All seagrass pollen is trinucleate regardless of whether it is granular or filamentous, and its nuclei are located centrally. Posidonia australis contains an elongated vegetative nucleus invariably in close apposition to the two ovoid sperm cells (Fig. 12K and L). These cells are bounded by irregular periplasm containing vesicles and their cytoplasm resembles that of the surrounding vegetative cells (Ducker etal., 1978).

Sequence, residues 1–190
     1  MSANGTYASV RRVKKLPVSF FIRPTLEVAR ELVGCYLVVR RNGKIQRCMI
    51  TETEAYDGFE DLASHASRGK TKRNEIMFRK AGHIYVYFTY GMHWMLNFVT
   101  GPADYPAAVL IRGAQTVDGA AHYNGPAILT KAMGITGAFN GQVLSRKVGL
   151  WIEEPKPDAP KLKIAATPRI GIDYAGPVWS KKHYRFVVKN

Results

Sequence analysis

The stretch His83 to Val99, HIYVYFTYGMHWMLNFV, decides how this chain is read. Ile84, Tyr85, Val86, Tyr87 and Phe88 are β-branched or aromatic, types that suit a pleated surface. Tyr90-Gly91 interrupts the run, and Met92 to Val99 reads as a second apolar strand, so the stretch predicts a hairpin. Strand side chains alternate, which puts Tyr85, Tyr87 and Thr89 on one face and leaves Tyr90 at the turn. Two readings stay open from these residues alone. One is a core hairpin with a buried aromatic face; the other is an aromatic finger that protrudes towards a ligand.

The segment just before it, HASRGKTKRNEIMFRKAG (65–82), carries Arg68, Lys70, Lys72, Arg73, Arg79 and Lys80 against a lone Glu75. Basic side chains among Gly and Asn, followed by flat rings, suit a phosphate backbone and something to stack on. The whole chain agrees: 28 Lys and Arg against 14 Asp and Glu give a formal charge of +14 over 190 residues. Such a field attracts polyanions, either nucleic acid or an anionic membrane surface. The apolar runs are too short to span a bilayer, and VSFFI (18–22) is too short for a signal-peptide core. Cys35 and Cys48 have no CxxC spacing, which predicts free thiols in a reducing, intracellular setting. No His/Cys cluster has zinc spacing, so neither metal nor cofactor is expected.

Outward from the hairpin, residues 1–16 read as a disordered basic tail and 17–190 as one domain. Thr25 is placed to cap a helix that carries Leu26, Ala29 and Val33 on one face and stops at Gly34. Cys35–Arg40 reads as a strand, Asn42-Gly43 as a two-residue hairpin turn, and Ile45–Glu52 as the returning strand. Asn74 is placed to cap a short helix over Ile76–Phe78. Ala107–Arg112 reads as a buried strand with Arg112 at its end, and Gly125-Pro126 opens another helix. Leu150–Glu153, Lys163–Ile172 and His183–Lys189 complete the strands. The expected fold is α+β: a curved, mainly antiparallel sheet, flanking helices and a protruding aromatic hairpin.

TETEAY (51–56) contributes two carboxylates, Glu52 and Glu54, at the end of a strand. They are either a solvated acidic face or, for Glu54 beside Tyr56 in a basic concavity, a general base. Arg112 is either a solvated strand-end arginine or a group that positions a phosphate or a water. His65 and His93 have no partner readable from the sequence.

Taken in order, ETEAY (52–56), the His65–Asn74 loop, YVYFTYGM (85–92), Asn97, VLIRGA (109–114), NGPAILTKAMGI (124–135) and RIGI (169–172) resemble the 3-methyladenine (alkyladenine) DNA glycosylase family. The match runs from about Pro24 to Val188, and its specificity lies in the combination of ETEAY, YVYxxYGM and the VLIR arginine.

The pollen from both granular and filamentous types is released from the submerged anthers and 'searches' through currents and waves (Verduin etal., 1996) for a submerged stigma. Cox (1988) and Ackerman (1995) discussed the two or three-dimensional 'search' by the pollen, particular in intertidal seagrass populations (see also Ackerman, Chapter 4). It is possible that pollination can also take place at the water surface in some intertidal seagrass genera such as Halophila, Phyllospadix and Zostera, because their mature reproductive organs often float at the water surface and pollen appears to be released during the highest tidal range.
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